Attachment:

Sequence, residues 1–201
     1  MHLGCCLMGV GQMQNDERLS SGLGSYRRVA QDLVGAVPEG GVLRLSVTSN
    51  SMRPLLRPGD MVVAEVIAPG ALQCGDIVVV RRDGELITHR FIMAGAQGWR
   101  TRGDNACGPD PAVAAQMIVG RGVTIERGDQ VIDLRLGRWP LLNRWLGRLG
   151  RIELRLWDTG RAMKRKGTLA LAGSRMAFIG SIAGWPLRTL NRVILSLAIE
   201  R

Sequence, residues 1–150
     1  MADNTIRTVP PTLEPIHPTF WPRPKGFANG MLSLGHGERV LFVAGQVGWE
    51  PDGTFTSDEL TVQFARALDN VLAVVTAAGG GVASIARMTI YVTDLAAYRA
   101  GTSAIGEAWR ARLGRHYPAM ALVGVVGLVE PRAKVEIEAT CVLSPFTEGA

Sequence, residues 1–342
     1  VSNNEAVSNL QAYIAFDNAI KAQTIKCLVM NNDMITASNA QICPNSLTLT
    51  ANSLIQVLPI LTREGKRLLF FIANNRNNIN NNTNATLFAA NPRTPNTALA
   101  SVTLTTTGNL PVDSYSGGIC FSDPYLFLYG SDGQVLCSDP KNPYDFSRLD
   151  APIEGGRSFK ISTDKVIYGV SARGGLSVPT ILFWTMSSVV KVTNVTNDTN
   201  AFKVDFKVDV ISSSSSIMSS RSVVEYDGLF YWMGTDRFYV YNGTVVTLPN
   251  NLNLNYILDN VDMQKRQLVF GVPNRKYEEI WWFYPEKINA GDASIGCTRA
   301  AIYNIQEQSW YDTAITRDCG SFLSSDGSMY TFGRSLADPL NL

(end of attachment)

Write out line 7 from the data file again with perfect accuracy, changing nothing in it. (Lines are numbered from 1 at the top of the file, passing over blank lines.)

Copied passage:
Sequence, residues 1–150